I agree with what you say about the unions, Jane. Yes, for the first time, thanks to the early union movement, the working people did have power but as you say it didn't come easy. The weekend as we know it wouldn't exist for the average worker if not for the unions.


dahoglund profile image

dahoglund 5 years ago from Wisconsin Rapids

The problem so often is that followers tend to distort ideas over time. Evolution, for example, is not necessarily Darwinism.


Rod Marsden profile image

Rod Marsden 5 years ago from Wollongong, NSW, Australia Author

dahoglund, Darwinism is a term often used by Creationists to blacken the name of Charles Darwin and his Theory of Evolution. It puts people in mind of Social Darwinism which is ugly and a distortion of Charles Darwin's ideas. Darwin explored life. He would have found Social Darwinism positively revolting especially when it carries his name. He had absolutely nothing to do with it. The person who came up with the idea of Social Darwinism may have thought himself to be a follower of Darwin but as far as I am concerned he was something else.

Thanks for stopping by.


James A Watkins profile image

James A Watkins 5 years ago from Chicago

I so enjoyed this fantastic journey. You swiftly covered tons of ground. It is well done!

I have no further comment on the Hub, but in a comment above it says the word "Darwinism" is the work of Creationists. Actually, Darwin's most fervent supporters coined the term with a few years of the publication of The Origin of Species, fully meaning it as the highest of compliments.

Thanks for mentioning my name. I have spawned quite a few Hubs on Darwin. :D


Rod Marsden profile image

Rod Marsden 5 years ago from Wollongong, NSW, Australia Author

James, I think the term Darwinism has fallen on hard times in the 20th and 21st Centuries and has been used by Creationists to strongly push for a connection between Charles Darwin's ideas and Social Darwinism. I am right when I do say 'Darwinism' is often used by Creationists to blacken the name of Charles Darwin and his Theory of Evolution. Darwinism, its earlier use in another time, the 19th Century and the beginning of the 20th Century, was never in question.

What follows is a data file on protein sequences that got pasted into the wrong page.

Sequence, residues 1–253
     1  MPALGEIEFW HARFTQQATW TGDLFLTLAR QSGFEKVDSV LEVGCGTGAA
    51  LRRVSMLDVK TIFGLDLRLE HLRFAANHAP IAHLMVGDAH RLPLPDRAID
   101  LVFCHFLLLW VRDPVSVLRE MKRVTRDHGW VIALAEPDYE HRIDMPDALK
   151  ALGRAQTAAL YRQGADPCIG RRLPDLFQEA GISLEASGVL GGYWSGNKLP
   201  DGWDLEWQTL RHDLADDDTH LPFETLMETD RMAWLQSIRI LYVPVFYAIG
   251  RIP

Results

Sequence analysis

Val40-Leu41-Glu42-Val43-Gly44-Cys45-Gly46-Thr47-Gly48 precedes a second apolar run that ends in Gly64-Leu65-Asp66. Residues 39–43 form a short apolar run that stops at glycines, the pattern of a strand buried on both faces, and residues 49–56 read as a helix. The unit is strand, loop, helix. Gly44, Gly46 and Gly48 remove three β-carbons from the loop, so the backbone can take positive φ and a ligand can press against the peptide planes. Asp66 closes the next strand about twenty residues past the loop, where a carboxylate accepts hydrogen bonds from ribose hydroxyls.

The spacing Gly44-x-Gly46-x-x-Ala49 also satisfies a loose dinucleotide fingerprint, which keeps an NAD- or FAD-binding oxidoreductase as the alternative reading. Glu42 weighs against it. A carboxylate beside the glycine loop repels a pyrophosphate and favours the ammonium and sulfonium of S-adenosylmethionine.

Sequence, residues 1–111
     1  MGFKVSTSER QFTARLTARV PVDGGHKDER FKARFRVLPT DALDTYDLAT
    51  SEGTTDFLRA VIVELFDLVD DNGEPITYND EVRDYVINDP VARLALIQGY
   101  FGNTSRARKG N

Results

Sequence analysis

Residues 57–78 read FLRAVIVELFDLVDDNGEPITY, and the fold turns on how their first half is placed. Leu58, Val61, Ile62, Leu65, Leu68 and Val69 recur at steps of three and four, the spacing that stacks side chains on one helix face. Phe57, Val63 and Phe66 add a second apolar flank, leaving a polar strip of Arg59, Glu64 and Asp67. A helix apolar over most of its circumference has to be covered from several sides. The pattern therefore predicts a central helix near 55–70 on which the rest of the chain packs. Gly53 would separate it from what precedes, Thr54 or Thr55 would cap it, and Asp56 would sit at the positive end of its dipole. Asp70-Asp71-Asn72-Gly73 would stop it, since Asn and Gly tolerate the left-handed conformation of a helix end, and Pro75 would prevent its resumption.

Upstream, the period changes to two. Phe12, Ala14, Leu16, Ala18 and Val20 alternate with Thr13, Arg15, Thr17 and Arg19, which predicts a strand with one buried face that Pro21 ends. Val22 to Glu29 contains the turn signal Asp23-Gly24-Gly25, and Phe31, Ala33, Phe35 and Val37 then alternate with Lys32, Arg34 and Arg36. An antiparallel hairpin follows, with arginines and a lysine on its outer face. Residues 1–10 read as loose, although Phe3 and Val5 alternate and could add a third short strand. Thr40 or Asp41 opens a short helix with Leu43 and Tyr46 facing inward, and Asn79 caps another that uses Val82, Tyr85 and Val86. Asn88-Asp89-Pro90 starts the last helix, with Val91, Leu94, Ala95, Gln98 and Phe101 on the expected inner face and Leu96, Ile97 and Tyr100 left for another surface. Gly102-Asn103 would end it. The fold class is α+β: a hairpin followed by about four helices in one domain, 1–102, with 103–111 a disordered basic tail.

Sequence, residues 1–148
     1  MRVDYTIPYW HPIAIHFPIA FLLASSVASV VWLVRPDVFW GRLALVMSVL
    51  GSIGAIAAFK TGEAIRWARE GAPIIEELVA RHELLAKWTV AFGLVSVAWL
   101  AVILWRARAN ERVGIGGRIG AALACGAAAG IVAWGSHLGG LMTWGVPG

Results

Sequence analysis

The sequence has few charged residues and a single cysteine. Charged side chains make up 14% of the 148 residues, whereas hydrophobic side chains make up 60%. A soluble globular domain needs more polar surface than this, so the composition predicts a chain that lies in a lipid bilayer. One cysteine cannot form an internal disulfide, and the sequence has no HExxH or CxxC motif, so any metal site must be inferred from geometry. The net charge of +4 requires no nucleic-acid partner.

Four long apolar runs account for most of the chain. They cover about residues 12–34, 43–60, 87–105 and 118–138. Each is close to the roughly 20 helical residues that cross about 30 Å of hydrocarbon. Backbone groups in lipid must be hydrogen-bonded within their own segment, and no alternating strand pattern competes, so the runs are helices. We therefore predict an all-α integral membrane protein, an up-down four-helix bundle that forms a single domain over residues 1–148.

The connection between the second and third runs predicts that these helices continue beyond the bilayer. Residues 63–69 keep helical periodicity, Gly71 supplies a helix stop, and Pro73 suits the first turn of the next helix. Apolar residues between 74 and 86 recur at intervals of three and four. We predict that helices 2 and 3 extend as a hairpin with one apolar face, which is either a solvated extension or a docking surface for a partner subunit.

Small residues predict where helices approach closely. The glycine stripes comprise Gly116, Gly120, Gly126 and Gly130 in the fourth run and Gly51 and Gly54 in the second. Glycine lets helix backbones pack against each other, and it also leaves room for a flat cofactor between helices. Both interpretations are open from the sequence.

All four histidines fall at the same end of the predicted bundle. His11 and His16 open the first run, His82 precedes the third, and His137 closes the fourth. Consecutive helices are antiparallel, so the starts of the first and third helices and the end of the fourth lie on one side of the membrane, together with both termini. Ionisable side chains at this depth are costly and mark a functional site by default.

Being connected in any way with Charles Darwin and his great work would and still is a compliment to many such as myself. To be in any way connected to Social Darwinism which has nothing to do with Charles Darwin and his great work is something else.


tonymac04 profile image

tonymac04 5 years ago from South Africa

I certainly did enjoy the read, Rod! Thanks very much. It is an entertaining and useful Hub raising some important issues. Loved the bit about the Mona Lisa - hadn't thought of that!

Love and peace

Tony


Rod Marsden profile image

Rod Marsden 5 years ago from Wollongong, NSW, Australia Author

I am glad you liked the read, tonymac04. Yes, I was a bit surprised about the Mona Lisa, too. It is a rather small painting that packs, in one way or another, quite a punch. I take it that's why it is considered to be a masterpiece.


Highvoltagewriter profile image

Highvoltagewriter 5 years ago from Savannah GA.

Great hub and thank you for your insites! I would like to know more of your thoughts about some of the other so called missing links that science has come up with besides Java Man, particularly Peaking Man for that is one I did not study much! Thanks again and voted up!


Rod Marsden profile image

Rod Marsden 5 years ago from Wollongong, NSW, Australia Author

Well Highvoltagewriter, from what I can gather Peaking Man is genuine and so is Lucy. I take it that dinosaur skeletons have turned up in many ages of Man and have been taken as various mythological beings including dragons before 19th Century science took a hold.